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Marie Angel


Marie Angel is one of today’s most thrilling dramatic sopranos. Born in Pinnaroo, South Australia, Marie trained at the Adelaide Conservatorium with Donald Munro. She is known for the versatility of her voice, her stage presence and her extraordinary ability to move audiences.

As a soprano, as well as having performed operas in the classical repertoire she is also known through contemporary classical composers including Mauricio Kagel, Bruno Maderna, Michael Tippett, Harrison Birtwistle, Philip Glass, Louis Andriessen, Michael Nyman, Bernd Alois Zimmermann, and John Cage.

She has appeared in films by Peter Greenaway and has participated in the recording of the opera Facing Goya, by Michael Nyman. She has also performed with the Michael Nyman Band as a vocalist at some of his concerts.

Marie's career highlights include revolutionary work as a founder member of the Opera Factory, in London and Zurich, singing the roles of Poppea (Monteverdi), Iphigenia (Gluck), Fiordiligi, Donna Anna, the Contessa Almaviva, and Pretty Polly (Birtwistle); the latter leading to her collaborating with Sir Kenneth MacMillan (Seven Deadly Sins). Seeking further challenges she created the roles of Morgan le Fay in Birtwistle’s Gawain (ROH), Esmeralda in Rosa (Greenaway and Andriessen, Netherlands Opera), Ingrid in Esmee (Lovendier, Holland Festival), Cixi in Hotel de Pekin (Jeffs, Nationale Reisoper) and Soprano 2 (Facing Goya, Nyman).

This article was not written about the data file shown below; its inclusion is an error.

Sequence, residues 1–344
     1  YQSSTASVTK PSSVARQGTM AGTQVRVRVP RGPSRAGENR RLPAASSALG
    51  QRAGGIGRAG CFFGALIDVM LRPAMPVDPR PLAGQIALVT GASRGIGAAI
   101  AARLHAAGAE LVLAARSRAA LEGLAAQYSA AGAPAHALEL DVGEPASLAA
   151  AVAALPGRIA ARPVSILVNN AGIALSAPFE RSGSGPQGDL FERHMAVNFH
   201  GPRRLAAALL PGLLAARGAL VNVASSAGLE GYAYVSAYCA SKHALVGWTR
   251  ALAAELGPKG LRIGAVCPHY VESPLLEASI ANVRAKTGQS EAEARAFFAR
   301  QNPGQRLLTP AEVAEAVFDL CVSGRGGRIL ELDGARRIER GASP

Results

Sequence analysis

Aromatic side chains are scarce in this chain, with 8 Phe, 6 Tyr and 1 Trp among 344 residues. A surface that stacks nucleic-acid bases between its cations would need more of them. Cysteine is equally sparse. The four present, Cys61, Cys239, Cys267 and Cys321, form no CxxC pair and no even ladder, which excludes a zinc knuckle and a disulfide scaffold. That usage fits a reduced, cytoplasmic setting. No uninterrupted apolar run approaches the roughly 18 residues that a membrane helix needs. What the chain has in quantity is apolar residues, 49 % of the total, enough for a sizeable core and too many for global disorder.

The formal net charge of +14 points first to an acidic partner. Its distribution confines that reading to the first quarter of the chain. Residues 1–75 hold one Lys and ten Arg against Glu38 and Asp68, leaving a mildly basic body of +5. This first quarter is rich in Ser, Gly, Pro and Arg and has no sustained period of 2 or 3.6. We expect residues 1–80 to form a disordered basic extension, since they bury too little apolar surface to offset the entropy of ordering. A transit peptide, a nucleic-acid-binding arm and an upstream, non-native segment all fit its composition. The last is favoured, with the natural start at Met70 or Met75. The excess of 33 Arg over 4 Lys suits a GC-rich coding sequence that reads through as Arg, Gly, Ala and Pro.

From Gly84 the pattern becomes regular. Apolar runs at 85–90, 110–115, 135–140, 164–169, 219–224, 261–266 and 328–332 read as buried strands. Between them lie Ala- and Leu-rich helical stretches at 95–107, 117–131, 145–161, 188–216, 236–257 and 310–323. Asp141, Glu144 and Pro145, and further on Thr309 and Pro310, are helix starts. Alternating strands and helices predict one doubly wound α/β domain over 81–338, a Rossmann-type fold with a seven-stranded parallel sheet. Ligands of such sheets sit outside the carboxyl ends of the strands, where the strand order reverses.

The enduring thread running through Marie’s career is collaboration. She has worked with many contemporary composers including Andriessen, Birtwistle and Nyman, and with leading directors such as Greenaway, Hosseinpour, Lowery and Wernicke. The latter collaboration lead to Marie completely reinterpreting the roles of: Dichterin (Aus Deutschland, Kagel); Fortunata (Satyricon, Maderna); Hanna (Lustige Witwe, Lehar) and Gräfin de la Roche (Zimmerman); and to a radical reimagining of Die Entführung aus dem Serail. With Nigel Lowery she sang Ottavia (Poppea, Basel), as Soprano in John Cage's Europeras 1-5 (Hannover) and the Voice in Nyman’s “Man with a Movie Camera”. As a result of these collaborations Marie was accorded the title Kammersängerin in addition to her earlier Gulbenkian and Countess of Muster prizes.